Just as Spanish stocks were starting to rally toward this year’s highs, a coalition with an anti-austerity political party is dampening the mood once more.

The benchmark IBEX 35 Index is down 2.5% since Sunday’s vote that left the ruling Socialists weaker, forcing them to seek a coalition with an erstwhile foe. Only last week, the measure rose to a six-month high and traders poured the most money since June into an exchange-traded fund tracking the nation’s shares.

With the recent spate of losses, Spain has now overtaken the U.K. as the worst-performing equity market in Europe this year.

After losing ground in the election, Spanish Prime Minister Pedro Sanchez is sealing a pact with Podemos to form a government. Sanchez also needs to scour the new parliament for votes to make the deal work. That’s one more headache for Spain’s equity investors already contending with a market that has struggled to keep up with peers amid troubles at its banks and utilities.

The coalition with Podemos “does refocus the attention on the banking sector as one source to pay for the governments plans,” said Benjie Creelan-Sandford, an analyst at Jefferies. “The outlined pact is light on details and nothing is addressing the banking sector just yet. Hitting the banks with additional costs does certainly not help with the weak profitability that is already a concern for the ECB and the Bank of Spain.”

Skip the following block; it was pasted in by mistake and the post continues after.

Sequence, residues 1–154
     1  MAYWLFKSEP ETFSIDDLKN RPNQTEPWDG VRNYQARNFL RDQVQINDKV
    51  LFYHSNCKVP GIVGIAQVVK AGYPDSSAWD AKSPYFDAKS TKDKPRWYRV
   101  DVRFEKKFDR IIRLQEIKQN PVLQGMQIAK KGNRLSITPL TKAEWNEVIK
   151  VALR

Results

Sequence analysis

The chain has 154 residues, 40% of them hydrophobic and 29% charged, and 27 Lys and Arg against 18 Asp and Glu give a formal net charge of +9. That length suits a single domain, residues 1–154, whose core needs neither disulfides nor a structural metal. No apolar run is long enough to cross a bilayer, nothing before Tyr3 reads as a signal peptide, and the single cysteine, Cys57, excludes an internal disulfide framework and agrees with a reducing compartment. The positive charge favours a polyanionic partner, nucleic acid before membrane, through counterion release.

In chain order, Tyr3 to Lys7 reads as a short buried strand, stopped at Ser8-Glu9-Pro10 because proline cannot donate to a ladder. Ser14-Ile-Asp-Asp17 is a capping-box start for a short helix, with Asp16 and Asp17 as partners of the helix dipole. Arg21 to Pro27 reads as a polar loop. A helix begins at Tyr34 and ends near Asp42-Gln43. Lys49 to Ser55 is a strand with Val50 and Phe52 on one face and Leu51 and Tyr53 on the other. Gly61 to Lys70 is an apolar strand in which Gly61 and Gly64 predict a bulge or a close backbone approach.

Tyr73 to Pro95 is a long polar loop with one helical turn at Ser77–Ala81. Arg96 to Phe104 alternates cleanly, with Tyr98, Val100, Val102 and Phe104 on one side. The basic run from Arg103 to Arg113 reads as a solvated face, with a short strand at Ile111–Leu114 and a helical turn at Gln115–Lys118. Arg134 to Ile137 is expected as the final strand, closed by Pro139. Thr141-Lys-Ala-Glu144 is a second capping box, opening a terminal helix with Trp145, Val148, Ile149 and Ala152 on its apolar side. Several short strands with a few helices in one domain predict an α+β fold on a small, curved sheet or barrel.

Banks led losses on Wednesday as the IBEX declined for a fourth day.

Investors had been piling into the region’s funds ahead of the election -- the iShares MSCI Spain ETF received inflows in the past two weeks, the first since August.

The IBEX 35 dropped 1.4% on Wednesday, trimming its 2019 advance to 7.5%. The broader Stoxx Europe 600 Index, by comparison, is up 20%. With a potentially contentious coalition at the helm, Spanish stocks may not be off the hook just yet.

“The coalition will be difficult to manage on a day-to-day basis,” Francisco Riquel, an analyst at Alantra Equities, wrote in a note Tuesday, highlighting that passing the 2020 budget as the first major hurdle to clear. “The risk of repeat elections in 2020 remains high, and the new government is in any case likely to be weak.”

--With assistance from Macarena Munoz and Charles Penty.

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